Quick Pickled Vegetables

Summertime is when you want to do as little as possible, especially where cooking is involved. But it’s also the time when we all are enjoying barbecues, picnics and sandwiches more than any other time of the year. Pickles are the friend of all of these things, require no special care and are naturally a deterrent to bacteria, and BONUS…these Quick Pickled Vegetables are super fast to make so you can have pickles the same day you need them without any canning skills necessary.

What are Quick Pickled Vegetables?

Traditional pickled vegetables require either pressurized canning or water bath canning to make them shelf stable and safe to eat, but Quick Pickled Vegetables take five minutes to make and are ready to eat right away. They are made with a simple brine and stored in the fridge rather than on a shelf. Once refrigerated, they are good for months if not a year or more.

How To Make Quick Pickled Vegetables

If you can play Jenga, you can make Quick Pickled Vegetables. Easy Peasy.

  1. Pack vegetables in a jar so they fit tightly, layering bay leaves, peppercorns and sliced or minced garlic in between.
  2. Make the brine: Bring vinegar, water, salt and optional sugar to a boil and pour over vegetables. Once they sit for 10 minutes or more, they are good to go.

What Can Be Pickled?

Literally any vegetable. I have pickled jalapenos, jicama, green tomatoes, carrots, turnips, onions, okra, cucumbers, squash, watermelon rinds, mustard seeds. Most of these I pickle without any sugar or honey. I skip the sweetener on most of these, but squash, watermelon rinds and mustard seeds like a little sweetness which can certainly be in the form of honey or maple syrup. The brine will not be as clear, but it will be delicious. The mustard seeds are amazing but require whole different technique so stay tuned for that at another time.

Quick Pickled Peppers

How Can You Use Quick Pickled Vegetables?

Besides the obvious answer…straight out of the jar, we regularly keep pickled jalapenos and carrots (AKA escabeche) to top off Mexican food. Pickled turnips and cucumbers are great on Greek-inspired sandwiches, salads or on a Mezze platter. Pickled onions add a little crunch and bite to wraps. Pickled okra is a classic on the Southern relish tray and is the perfect interesting burger buddy. Quick pickle a mix of cauliflower, celery, peppers and carrots with or without red pepper flakes and you have your own homemade version of Giardiniera to create a muffaletta (add olives to the mix for this) or any Italian sandwich. The sweet versions of pickled squash and watermelon rinds are AMAZING on a charcuterie boards, especially alongside sharp cheeses.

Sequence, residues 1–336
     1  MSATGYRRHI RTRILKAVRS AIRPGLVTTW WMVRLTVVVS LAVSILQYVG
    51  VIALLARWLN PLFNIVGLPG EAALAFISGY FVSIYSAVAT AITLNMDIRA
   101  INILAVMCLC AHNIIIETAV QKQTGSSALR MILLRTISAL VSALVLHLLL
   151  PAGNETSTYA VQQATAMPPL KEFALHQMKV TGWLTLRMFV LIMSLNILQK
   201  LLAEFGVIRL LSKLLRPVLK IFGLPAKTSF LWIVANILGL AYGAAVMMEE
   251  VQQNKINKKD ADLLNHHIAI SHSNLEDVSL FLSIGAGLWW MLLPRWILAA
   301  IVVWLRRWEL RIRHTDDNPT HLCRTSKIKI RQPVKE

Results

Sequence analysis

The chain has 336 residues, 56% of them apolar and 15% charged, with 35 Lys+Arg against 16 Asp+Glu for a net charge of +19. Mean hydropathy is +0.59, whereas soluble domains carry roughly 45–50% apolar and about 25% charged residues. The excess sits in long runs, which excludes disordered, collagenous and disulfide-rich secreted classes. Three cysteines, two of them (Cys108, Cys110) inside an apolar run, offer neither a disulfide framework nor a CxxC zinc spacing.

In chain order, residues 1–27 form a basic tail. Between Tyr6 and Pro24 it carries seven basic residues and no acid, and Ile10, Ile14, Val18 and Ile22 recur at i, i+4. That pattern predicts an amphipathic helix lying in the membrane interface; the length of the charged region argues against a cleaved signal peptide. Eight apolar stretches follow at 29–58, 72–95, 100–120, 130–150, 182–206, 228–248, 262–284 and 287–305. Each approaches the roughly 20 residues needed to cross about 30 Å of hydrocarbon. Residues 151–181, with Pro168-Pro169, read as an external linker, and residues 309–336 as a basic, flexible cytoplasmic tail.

Tips for Making Quick Pickled Vegetables

  • First tip, even though I make a little commission from Amazon for referring you to products, I can’t recommend them for buying jars. They are WAAAYYY more expensive than simply going to Target or JoAnn Fabric (look for those coupons). I buy them in 12 packs because they are only around $1 a jar or even less. I use them to store food in as well.
  • Pick up Wide Mouth Mason Jars instead of typical jars with narrow mouth. Arranging (AKA jenga-ing) vegetables is much easier this way.
  • Pick up a wide mouth canning funnel to make pouring hot brine easier and safer.
  • Make sure your jars and lids are freshly washed before starting the process.

Quick Pickled Vegetables


  • One Pint Mason Jar (preferably wide-mouth)

  • Vegetables (Whole, sliced or in sticka) to pack tightly in jar

  • 5 cloves garlic, thinly sluced

  • 2 bay leaves

  • 1 tsp black peppercorns or 1/2 tsp coarsely ground black pepper

  • 1 cup organic white vinegar

  • 1/3 cup filtered water

  • 1 tbsp Himalayan pink salt or sea salt

  • 1-2 tsp red pepper flakes, optional

  • 1 tbsp fresh or 1 tsp dried dill, optional

  • 1 tsp mustard seeds, optional

  • 1/3 cup honey, optional


  • Pack veggies tightly in jar tucking in bay leaves, garlic slices and pepper along the way.
  • Bring vinegar water, salt and spices and honey, if using, to a rolling boil.
  • Carefully pour boiling vinegar mixture over veggies to completely cover. Discard any unused brine.
  • Cap tightly and let sit for at least 15 minutes. Refrigerate once jar is room temperature. Serve immediately or store in fridge indefinitely.

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  1. Cathy Phillips on July 17, 2020 at 5:25 am

    Hi Christi, for the pickled Veges, I have been told to leave them in a dark closet for several days to ferment rather than put into a fridge. Is pickled different than fermented?

    • Christi Flaherty on July 17, 2020 at 3:01 pm

      GREAT question! Yes, pickling like this is vinegar-based. It’s a very quick process and just offers that sour flavor that adds a little acidic flair to whatever you’re eating. Fermenting is a longer term process that involves only salt and either naturally occurring moisture in foods or a little water. Fermenting actually uses wild organisms to break down the sugars in the food and create that sour flavor similar to what you get with pickled veggies. Fermented foods have natural probiotic benefits that pickled foods do not. I will be writing a post on this soon so I’m so glad you reached out!

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